Beholding Your Neighbor

If ever there was a photographer with rock star status, it was Richard Avedon. I’ve grown to appreciate his work which is famous for its minimalist style – he normally positioned his subject in front of a sheer white background – and ability to bring out the personality and soul of a person through a single photograph. Beginning in the world of fashion but spreading into politics and fine art, Avedon’s high profile career included portraits of Marylyn Monroe, Malcolm X, Pablo Picasso, and the Beatles. That’s what makes his 1985 exhibit entitled In the American West so extraordinary; it consists of all ordinary people. None are celebrities and none are famous.

I gave a teaching this past weekend in Dallas that began with Avedon’s photographs of these ordinary folks. I then wrote on a board some of the different ways we are accustomed to categorizing and separating people: class, race, gender, religion, nationality, physical beauty, education, job, etc. My point was that we use these categories to assign worth and value in differing degrees. (It’s worth mentioning that when I finished speaking, an 86 year-old lady named Lois came up to me to let me know I had left out one category: age. She was quite right to correct me; western society, in its obsession with youthfulness, has by and large written off the elderly.)

To a certain extent, this is what we’re doing when we ask people, “What do you do?” We’re sizing them up, and the only reason we don’t ask what race they are or if they’re rich is because we’re already doing this with our eyes.

These categories and their corresponding value system belong to an overall mindset and way of life that Paul refers to as “the flesh.” Thanks to Plato we tend to think of a physical body when we hear this phrase. Paul wasn’t a Greek philosopher, however; he was a Hebrew theologian, and in the Jewish worldview the physical and spiritual are intimately woven together. “Flesh” is Paul’s code word for how the world, in its unredeemed and broken state, conditions people to think and live. The world teaches us from a very young age to see people in terms of socioeconomic standing, ethnicity, and IQ level.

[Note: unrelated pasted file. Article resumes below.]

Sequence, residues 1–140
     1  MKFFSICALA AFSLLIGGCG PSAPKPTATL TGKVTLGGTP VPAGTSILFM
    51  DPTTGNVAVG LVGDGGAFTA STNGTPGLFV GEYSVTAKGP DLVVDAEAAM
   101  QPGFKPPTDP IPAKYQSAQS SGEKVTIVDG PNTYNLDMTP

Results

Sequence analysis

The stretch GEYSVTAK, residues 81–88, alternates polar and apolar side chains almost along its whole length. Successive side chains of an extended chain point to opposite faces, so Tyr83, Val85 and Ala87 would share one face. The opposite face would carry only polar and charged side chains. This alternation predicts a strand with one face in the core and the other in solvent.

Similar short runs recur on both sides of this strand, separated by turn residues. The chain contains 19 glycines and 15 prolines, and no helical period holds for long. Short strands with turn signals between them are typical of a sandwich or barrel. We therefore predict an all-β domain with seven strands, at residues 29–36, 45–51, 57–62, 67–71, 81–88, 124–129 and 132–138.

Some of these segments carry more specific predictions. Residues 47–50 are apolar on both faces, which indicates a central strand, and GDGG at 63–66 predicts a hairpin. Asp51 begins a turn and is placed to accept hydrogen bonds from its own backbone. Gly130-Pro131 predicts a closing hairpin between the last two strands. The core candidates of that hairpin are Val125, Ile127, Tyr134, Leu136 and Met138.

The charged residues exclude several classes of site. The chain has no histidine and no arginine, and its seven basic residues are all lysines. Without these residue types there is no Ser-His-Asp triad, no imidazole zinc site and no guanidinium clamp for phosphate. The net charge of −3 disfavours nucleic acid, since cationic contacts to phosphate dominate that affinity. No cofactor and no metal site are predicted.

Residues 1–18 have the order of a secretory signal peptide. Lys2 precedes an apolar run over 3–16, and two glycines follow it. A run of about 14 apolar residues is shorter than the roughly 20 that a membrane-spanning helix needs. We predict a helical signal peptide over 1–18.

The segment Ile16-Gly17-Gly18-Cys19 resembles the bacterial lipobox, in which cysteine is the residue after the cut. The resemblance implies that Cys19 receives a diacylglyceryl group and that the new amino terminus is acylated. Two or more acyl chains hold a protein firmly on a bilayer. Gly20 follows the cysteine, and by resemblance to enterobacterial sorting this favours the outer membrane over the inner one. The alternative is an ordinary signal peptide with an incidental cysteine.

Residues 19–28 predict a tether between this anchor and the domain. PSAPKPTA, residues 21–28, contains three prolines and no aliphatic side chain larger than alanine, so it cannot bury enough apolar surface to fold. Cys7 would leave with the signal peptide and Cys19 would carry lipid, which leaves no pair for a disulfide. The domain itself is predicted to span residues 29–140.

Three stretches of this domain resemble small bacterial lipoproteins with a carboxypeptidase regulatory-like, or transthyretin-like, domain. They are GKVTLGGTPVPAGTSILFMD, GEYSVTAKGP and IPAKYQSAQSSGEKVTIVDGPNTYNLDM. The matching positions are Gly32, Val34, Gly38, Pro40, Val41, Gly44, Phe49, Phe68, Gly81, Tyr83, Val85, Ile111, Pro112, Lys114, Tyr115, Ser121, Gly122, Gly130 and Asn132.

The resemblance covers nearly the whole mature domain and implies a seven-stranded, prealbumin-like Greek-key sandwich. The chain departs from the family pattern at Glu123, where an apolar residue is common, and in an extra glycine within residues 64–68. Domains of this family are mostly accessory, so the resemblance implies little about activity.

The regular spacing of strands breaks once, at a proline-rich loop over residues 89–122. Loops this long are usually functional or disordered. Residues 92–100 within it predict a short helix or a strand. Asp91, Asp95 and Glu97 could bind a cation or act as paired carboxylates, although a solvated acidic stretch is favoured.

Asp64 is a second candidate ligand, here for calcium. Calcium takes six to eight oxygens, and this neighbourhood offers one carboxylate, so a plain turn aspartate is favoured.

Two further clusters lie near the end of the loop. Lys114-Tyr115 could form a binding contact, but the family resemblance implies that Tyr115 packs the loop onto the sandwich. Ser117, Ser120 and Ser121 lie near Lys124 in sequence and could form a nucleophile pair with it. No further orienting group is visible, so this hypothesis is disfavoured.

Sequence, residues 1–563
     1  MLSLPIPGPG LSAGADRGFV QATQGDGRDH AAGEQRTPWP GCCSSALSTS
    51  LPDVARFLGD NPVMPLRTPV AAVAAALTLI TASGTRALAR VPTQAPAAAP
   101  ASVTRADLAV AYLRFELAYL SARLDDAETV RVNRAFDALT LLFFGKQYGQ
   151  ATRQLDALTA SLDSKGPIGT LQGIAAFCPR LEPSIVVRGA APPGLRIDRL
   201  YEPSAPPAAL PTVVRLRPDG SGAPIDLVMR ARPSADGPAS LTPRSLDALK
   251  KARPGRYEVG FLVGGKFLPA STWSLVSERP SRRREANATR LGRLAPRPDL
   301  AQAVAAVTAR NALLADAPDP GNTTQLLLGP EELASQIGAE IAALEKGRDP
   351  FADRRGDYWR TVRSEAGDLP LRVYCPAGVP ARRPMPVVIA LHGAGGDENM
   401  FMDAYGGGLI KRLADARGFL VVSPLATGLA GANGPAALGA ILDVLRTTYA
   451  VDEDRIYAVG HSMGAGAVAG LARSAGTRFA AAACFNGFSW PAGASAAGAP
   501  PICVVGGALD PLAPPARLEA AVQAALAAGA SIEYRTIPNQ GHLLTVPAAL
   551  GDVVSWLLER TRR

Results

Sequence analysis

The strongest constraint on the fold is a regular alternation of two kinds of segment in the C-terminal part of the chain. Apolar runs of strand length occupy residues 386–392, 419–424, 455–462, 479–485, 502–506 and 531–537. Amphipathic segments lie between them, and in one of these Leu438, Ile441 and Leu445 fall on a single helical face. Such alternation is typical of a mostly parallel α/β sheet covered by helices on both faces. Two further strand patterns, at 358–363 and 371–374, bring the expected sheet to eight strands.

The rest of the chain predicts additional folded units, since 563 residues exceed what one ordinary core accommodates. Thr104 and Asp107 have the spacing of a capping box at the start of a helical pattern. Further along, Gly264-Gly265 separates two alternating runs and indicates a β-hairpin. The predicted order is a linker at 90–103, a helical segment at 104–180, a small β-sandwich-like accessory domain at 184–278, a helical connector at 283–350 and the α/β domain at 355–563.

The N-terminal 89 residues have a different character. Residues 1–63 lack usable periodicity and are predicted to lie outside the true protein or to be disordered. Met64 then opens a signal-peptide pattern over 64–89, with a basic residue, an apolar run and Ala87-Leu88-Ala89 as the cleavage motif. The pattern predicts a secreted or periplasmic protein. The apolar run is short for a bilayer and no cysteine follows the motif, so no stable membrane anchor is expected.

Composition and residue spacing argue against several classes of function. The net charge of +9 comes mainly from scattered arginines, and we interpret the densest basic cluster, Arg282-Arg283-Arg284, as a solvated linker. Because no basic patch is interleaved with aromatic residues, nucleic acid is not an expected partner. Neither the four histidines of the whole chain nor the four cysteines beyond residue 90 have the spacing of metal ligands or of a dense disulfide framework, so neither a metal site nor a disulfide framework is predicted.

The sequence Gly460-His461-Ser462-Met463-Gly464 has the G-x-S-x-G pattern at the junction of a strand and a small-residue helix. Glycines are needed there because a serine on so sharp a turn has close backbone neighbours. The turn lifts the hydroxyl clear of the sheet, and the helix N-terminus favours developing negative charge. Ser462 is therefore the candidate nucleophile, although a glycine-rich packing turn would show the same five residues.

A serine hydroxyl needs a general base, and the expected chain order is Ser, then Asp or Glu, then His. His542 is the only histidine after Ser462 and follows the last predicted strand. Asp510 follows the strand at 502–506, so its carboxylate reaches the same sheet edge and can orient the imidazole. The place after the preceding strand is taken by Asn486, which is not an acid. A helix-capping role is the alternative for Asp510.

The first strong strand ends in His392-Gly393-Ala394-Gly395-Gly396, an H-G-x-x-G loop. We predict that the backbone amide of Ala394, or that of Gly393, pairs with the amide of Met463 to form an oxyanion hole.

A Social Revolution In Twelve Words

In his second letter to the Corinthians, Paul writes, “From now on, therefore, we regard no one according to the flesh.” That’s a social revolution in twelve words. Paul and the community he belonged to didn’t see people through filters tinted with worldly categories. They saw all people as equal. Turn to the book of Acts and you’ll see these twelve words come alive through economic redistribution, racial integration, and radical inclusion. In a letter to the Galatians, Paul says we’re all made of the same stuff; it doesn’t matter if a person is male or female, slave or free, Jewish or Greek. In one swift verse Paul discredits the barriers of gender, class, and ethnicity.

This notion that “we’re all made of the same stuff” has actually been confirmed scientifically. We’ve known since the 1960s that all human beings have the same mitochondrial DNA. That means we have not only the same cells and molecules, but the same blueprint or code of how those cells and molecules are arranged. Africans, Asians, Americans, and Afghans all have the same mitochondrial DNA. As a Greek orthodox priest recently told me, “It’s an existential lie that we’re not all related to one another.” We’re all related because we’re all of one nature.

Yet long before we had the scientific technology to discover this, Paul and the early church knew it. How? It’s what Jesus taught them.